World’s Worst Road
Deadly twists make for a white-knuckled drive
By Justine Ingersoll
Next time you find yourself cursing a poorly paved, narrow or winding stretch of road, just remember: It could be worse. Much worse. In fact, it could be the world’s worst road: “Death Road” in the North Yungas region of Bolivia.
It has been called the most dangerous road in the world, a title earned for being more than just a bumpy ride. The yearly death toll on this 50-mile stretch is in the hundreds. “Death Road” also garnered its reputation by having precarious drop-offs, narrow single-lane sections and a lack of guardrails to protect drivers from plummeting to depths below. Abandoned wreckage clinging to the mountainside can be found along this perilous path, a constant reminder of its deadly past.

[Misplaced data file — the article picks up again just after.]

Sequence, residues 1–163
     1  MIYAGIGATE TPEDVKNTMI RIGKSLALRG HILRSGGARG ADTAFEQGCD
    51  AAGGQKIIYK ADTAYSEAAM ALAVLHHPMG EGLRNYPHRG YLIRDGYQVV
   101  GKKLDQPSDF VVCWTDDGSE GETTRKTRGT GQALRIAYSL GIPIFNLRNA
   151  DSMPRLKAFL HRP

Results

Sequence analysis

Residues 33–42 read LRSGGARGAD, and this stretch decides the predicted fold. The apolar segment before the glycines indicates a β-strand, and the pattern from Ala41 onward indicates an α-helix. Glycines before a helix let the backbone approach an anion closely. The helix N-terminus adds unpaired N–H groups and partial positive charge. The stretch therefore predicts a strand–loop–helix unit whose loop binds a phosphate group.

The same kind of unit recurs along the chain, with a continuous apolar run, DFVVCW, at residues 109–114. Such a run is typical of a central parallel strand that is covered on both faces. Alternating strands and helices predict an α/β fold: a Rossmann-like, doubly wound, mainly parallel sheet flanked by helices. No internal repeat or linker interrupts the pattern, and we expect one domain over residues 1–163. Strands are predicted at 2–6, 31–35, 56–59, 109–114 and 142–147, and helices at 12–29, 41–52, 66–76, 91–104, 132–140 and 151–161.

Built in the 1930s by Paraguayan prisoners during the Chaco War, the road is one of the few routes connecting the Amazon rainforest region, Yungas, to Bolivia’s capital city, La Paz. It is so narrow in parts, as few as three yards wide, that when two cars come upon one another, one must back up to a marginally wider section to pass.
Of course, where there is danger, there will be thrill-seekers. Bike tours and other events annually draw daredevil mountain bike enthusiasts who find the extreme downhill drops and curvy turns just an added bonus to the scenic ride.